Regardless of your decision to do the recruiting in-house or outsource the work, you must know what you want. Every employer wants to hire the "right" candidate for their team, but what exactly does that entail? As much as using third-party vendors are a huge help in the recruitment process, you shouldn't be completely hands-off either. You know your spa the best. To find your ideal executive, you need to be able to decide what qualities and skillsets are needed to make a mark at your company. After all, the leadership you choose will heavily influence the culture and performance of your spa department.

Health is Wealth: Retaining Your Spa Employees

Once you've hired more employees, the next hurdle is making sure you are doing everything in your power to keep them happy and motivated to stay at your organization long-term.

Laura Putnam, CEO and Founder of Motion Infusion and bestselling author of Workplace Wellness That Works, explains that the issue companies are facing isn't a labor shortage but a well-being shortage. Your spa is meant to promote health and wellness, but how often is this practiced within your own department?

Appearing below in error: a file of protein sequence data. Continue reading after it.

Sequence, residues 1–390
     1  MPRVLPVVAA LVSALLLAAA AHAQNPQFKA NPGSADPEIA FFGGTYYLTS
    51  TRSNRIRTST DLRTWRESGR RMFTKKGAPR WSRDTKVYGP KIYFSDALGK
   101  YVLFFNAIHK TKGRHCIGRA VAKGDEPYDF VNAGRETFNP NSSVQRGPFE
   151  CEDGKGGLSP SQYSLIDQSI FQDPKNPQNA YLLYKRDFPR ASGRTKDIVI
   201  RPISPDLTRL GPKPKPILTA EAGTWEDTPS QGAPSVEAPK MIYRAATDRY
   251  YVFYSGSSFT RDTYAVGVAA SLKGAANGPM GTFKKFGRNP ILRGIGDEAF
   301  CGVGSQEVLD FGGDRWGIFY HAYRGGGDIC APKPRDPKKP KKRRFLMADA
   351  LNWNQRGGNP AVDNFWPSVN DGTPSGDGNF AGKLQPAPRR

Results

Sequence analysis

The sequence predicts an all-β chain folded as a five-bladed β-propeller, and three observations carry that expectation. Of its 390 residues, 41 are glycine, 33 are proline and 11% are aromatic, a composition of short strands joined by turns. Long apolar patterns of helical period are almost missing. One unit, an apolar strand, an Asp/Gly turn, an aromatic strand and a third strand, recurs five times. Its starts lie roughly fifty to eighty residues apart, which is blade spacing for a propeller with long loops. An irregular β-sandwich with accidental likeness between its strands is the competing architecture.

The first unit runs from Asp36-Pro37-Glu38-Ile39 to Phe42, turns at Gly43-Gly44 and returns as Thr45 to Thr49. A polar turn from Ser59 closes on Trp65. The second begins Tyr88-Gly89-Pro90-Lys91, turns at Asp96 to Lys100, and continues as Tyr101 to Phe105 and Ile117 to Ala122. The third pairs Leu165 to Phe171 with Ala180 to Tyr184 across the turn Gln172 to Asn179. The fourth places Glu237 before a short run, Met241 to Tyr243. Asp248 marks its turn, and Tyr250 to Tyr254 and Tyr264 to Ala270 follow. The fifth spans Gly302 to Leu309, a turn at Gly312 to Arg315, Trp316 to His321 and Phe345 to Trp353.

From a business standpoint, you cannot operate your spa properly if your employees are burnt out. As customers continue to see the value in prioritizing their well-being, your organization should work hard at fostering a healthy and positive work environment for its workers. Consider how much time you put into ensuring your customers come back to use your services. Now, how can you do the same for your employees?

If your team is experiencing high turnover, place yourself in their shoes and take the time to truly understand their needs and motives. Unsure on what your workers want? Ask them directly. Do they want better compensation? Are they feeling overworked? Do they need more training? Do they want more recognition for their work?